Top tips for comforting a lame dog
If your dog is lame, you need to give it a serious period of rest to enable it to fully recover.
What is the definition of resting your dog?
Rest means as little exercise as possible:
- So no playing with your dog in the house or garden.
- No allowing your dog to jump up on his hind legs.
- No jumping on/off furniture.
- No going up and down stairs and no jumping in and out of cars.
Rest also means no walks, even short ones. It is also worth putting your dog onto a lead to go to the toilet in the garden to prevent your dog running around.
You must think of your dog like a small child and enforce rest. It is better however, after the rest period, to have 3 or 4 short controlled walks than risk an uncontrolled and harmful energetic outburst from your frustrated dog.
Nine top tips for helping your lame dog
- An effective method of resting and confinement is with a wire mesh dog cage. These are readily available to purchase from larger pet shops and catalogue stores. They come in a range of sizes to accommodate both small and large dogs.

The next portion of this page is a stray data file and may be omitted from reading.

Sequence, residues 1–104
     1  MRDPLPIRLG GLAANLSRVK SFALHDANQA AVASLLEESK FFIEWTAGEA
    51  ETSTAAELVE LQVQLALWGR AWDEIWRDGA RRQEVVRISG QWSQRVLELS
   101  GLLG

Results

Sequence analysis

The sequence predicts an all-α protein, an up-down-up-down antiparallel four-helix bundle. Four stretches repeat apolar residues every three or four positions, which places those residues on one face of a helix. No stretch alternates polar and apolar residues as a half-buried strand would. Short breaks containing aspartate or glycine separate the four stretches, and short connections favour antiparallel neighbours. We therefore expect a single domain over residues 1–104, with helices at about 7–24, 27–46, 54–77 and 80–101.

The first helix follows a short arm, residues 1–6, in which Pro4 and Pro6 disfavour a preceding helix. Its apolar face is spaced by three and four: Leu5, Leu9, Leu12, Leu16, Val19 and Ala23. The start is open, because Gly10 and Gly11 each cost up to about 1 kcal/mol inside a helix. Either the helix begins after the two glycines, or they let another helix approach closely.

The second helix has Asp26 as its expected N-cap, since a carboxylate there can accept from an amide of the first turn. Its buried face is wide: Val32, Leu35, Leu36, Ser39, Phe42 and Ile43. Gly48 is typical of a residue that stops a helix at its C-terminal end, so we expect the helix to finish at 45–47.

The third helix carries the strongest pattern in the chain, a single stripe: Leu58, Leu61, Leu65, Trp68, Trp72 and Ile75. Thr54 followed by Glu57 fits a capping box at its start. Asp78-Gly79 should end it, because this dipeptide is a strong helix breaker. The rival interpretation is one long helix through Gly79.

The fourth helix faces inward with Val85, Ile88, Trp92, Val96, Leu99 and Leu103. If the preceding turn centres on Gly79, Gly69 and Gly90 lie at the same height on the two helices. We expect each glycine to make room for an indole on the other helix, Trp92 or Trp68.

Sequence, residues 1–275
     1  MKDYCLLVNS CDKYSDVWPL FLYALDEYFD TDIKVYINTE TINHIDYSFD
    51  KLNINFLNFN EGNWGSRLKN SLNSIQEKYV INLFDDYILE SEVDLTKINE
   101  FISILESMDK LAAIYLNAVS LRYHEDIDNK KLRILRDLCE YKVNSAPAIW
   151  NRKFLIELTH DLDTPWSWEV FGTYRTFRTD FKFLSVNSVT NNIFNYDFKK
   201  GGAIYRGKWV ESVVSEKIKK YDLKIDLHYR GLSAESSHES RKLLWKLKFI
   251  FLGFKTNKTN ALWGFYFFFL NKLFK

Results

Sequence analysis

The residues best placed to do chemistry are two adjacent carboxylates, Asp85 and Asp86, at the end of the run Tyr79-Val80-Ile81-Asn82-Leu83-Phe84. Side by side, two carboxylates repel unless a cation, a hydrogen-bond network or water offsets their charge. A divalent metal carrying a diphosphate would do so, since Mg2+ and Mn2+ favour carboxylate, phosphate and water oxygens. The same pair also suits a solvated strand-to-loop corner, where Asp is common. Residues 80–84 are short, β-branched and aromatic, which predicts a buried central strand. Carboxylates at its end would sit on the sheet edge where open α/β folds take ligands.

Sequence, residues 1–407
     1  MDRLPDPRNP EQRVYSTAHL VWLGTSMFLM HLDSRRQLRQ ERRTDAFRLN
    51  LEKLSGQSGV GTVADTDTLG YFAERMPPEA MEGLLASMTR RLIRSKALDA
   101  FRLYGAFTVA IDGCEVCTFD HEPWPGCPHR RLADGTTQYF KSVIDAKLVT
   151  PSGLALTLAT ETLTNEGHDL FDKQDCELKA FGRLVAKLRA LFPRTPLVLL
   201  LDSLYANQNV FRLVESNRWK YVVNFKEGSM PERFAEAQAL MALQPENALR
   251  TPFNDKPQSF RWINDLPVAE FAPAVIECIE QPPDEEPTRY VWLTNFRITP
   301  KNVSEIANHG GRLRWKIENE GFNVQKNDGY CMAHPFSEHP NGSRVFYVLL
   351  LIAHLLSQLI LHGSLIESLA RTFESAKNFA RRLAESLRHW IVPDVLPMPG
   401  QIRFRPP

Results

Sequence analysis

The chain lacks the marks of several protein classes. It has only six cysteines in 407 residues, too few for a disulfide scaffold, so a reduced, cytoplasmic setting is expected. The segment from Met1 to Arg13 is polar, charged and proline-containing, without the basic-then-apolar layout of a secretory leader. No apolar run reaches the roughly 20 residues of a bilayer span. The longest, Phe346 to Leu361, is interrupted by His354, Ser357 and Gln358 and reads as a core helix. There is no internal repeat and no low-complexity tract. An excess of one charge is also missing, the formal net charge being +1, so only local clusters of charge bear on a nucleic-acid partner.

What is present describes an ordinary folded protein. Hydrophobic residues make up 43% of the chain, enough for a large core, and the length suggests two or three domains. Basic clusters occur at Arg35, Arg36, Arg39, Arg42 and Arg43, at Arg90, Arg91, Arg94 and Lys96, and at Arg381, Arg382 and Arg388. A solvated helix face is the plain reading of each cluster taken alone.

- Whilst your dog is on a restricted exercise regime it is worth reviewing your dog’s diet. If you continue with the same level of daily feeding there is a high chance your dog will gain weight, which is the last thing a dog with a lame leg needs.
- You should be careful when reducing your dog’s diet, here are two recommended options when doing this:
- It’s recommended to remove up to 25% of your dog’s daily intake when reducing their diet.
- Alternatively, rather than removing food from your dog’s diet, most of the dog food companies offer lower calorie diet versions of their food products. These products are available in most supermarkets and pet stores.
- Remember, even after the lameness appears to have completely disappeared, it is worth continuing to rest your dog for a further 24-48 hours before reintroducing exercise.
- Swimming is an excellent way to reintroduce exercise to a rested dog if your dog enjoys it. Swimming will exercise the joints and muscles but without negatively impacting on the limbs, which can happen with exercise such as running It is recommended to have controlled and supervised swimming via a dog swimming pool.
Obviously this should not include scrambling down into and out of rivers and ponds, which would only make things worse.
- There is no need to attempt to apply a bandage/dressing to your dog’s leg. In fact, you are more likely to cause further problems by doing this as a wrongly applied dressing can cause circulation problems, pressure sores and thus cause further discomfort to the dog.
- Whilst your dog is still lame keep monitoring the affected leg. Watch out for changes in the leg on a daily basis – it can take time for swellings to develop.